Wednesday, January 30, 2008

Thank you, John.

John Edwards has suspended his campaign.
My first reaction was of disappointment; I really thought this might be when we start to turn things back around in America... and maybe it will be, but it's less likely now. I don't know what precipitated his decision to withdraw today, six days before Super Tuesday with absentee ballots already in the mail, but I give him the benefit of the doubt; I owe him that.
The watchword of his campaign is "Tomorrow Begins Today," and that resonated with me; we don't have to, nor should we, wait until January, 2009, to change America. Since my association with his One Corps organization I've stirred myself to spend a hot day on a Habitat for Humanity build site, I've started getting out on Sunday mornings and helping to set up the Arlington West site in Santa Monica, and I've become a Red Cross Disaster Services volunteer. Having been inertially challenged all my life, I owe John and Elizabeth Edwards a huge debt of gratitude.
I'm not going to campaign for Barack Obama... I still don't know how much of him is sizzle and how much is steak... but I wish him well and I hope there's something to him. For John and Elizabeth, fair winds and following seas.

Thursday, January 24, 2008

"All I know is what I read in the funny papers."

I want to mention "A Town Called Dobson" to whomever might be passing through here. January 22nd's post sang to me, of course, but it's usually right on the money from my point of view.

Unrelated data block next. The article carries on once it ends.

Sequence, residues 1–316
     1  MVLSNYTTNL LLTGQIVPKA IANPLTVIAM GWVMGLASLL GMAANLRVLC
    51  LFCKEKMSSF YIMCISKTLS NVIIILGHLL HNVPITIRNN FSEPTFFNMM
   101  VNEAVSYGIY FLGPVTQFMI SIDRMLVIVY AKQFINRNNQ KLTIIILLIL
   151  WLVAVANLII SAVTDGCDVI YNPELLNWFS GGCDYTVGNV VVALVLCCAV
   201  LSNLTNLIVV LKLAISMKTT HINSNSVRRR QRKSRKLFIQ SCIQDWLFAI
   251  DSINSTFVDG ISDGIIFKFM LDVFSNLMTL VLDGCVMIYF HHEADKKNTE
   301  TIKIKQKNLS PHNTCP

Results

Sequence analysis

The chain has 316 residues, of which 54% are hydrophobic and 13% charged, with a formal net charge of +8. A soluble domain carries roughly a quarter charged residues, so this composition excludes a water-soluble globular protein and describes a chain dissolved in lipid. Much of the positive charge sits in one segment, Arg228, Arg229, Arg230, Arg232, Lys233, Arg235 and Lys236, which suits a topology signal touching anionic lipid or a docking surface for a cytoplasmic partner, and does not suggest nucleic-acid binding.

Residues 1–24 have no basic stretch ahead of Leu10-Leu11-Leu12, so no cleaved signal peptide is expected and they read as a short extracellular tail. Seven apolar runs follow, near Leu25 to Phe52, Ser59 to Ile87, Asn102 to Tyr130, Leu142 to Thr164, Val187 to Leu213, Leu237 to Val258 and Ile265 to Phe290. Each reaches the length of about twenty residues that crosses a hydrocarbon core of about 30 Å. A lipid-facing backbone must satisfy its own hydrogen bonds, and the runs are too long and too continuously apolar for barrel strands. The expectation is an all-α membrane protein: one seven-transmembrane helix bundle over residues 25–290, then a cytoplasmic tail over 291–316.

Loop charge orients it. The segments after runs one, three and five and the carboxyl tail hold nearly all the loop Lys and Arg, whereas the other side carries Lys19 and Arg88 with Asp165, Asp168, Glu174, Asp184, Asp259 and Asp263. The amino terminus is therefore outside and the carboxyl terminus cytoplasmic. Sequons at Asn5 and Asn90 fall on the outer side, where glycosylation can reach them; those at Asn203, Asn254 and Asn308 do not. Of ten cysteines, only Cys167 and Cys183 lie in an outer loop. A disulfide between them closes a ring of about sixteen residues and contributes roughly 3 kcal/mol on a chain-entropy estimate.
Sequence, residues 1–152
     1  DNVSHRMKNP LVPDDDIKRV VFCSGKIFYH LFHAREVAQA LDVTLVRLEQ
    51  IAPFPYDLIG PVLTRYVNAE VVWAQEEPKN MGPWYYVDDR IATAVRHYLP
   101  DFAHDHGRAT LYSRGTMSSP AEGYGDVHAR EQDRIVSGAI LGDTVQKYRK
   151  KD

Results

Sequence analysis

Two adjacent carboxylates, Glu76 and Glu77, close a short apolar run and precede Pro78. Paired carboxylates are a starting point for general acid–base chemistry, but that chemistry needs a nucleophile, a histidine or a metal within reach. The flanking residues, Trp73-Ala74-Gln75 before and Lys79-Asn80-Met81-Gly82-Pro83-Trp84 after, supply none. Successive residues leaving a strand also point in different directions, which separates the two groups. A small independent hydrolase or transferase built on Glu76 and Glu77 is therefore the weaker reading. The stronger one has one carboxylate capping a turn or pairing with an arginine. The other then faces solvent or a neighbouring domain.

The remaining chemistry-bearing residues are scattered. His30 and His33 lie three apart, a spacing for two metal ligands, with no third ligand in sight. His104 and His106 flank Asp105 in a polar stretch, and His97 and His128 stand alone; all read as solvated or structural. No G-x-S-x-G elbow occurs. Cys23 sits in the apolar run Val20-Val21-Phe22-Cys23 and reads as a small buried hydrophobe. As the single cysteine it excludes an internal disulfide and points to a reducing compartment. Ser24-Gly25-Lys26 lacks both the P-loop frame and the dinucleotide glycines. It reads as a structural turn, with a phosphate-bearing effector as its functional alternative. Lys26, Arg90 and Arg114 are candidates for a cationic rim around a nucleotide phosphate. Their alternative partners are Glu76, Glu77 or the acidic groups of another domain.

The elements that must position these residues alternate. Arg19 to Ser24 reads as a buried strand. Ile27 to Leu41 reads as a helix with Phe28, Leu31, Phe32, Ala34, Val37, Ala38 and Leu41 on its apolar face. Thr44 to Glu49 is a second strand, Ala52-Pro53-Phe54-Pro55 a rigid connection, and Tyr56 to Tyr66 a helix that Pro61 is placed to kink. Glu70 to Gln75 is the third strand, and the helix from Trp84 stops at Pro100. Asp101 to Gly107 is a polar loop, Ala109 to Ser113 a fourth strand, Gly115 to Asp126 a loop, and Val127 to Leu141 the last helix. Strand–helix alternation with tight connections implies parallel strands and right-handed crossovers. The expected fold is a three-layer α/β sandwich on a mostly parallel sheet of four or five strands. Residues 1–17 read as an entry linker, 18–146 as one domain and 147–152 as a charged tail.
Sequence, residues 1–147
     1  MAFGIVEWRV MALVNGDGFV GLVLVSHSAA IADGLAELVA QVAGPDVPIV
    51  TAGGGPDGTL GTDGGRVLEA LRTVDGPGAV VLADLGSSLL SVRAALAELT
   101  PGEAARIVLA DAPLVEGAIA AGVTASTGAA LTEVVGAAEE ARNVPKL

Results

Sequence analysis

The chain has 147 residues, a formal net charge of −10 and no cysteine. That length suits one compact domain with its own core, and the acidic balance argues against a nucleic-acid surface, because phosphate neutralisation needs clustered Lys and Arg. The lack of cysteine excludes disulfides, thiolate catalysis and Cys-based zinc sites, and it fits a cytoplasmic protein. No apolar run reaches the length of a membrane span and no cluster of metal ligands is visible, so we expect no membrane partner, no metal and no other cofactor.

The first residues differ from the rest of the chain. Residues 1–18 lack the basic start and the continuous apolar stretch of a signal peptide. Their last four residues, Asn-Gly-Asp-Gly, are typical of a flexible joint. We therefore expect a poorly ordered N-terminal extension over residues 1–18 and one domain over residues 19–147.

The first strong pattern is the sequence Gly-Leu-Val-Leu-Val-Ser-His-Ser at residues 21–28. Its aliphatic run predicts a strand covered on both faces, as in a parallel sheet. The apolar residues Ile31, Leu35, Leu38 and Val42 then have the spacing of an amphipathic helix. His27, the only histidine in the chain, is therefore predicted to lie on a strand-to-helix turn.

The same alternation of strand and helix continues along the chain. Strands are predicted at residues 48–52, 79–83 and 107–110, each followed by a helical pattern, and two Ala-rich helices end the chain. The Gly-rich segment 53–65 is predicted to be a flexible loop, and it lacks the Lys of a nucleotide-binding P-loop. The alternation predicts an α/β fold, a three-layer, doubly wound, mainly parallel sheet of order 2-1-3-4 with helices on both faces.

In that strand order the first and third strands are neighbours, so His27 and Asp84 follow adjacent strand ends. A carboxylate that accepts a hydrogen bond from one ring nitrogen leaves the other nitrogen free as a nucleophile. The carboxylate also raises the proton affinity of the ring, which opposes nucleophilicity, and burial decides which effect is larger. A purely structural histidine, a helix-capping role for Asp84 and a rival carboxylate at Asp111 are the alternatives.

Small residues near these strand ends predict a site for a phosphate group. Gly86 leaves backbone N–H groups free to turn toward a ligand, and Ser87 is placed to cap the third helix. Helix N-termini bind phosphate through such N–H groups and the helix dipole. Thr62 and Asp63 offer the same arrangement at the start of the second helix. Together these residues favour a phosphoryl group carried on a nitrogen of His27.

Go see what you think of it.

Tuesday, January 22, 2008

None of My Damn Business

Today, of course, is the 35th anniversary of the Supreme Court decision in Roe v. Wade. My comment here will be brief:
I believe that a woman's body is her own; it is not for me or for anyone other than that woman to decide whether or not she may terminate a pregnancy. There is a line, I think, between abortion and infanticide later in a pregnancy, but I don't think it's for me to say that conception defines a woman and her available choices regarding her person. I am eternally thankful that my daughter made the choice that she did, but I am also thankful that she had the choice.
Check out this post by Maya's Granny.

Wednesday, January 16, 2008

When I Was Young

It's been a long time since I've consciously dredged up memories from my 26th year, but both Ronni Bennett and Kay Dennison have posted a meme to list five things we never thought, at age 25, that we would become. It took me back.
I don't remember June, 1972, although I'm reasonably sure drinking was involved. (If I've ever been a role model, it was not in my 26th year.) I was assigned to the air wing about to deploy again in USS Ranger, so there would have been significant predeployment activity as well as working in the medical records room at the Branch Clinic. I did get married for the first time in August... don't ask... and then in September we were embarked and underway for nine months.
Deployments at that time were broken up between time in Subic Bay for refitting and time in the Tonkin Gulf... primariy in the north... incentivizing the Vietnamese to negotiate with us. To make a long story short, we appeared to have been effective because by the end of January the Paris Peace Accords had been signed. I have to say that standing out in the middle of the flight deck during flight operations with a small first aid kit seemed a little nuts, but after the cease-fire I was able to play a little. One night I helped change out a CSD and generator in a F-4J Phantom II, and the damn thing just flew and flew; but we did some good medicine out there, too.
In February, 1973, we visited Hong Kong and, on the last day there, I was to take the Advancement Exam for Chief for the first time. Basically all I had to do was show up on time and sober and I had a shot at making Chief in eight years; but I didn't do that, of course. Later that spring we visited Singapore and crossed the Equator, and finally stopped in Yokosuka on the way home.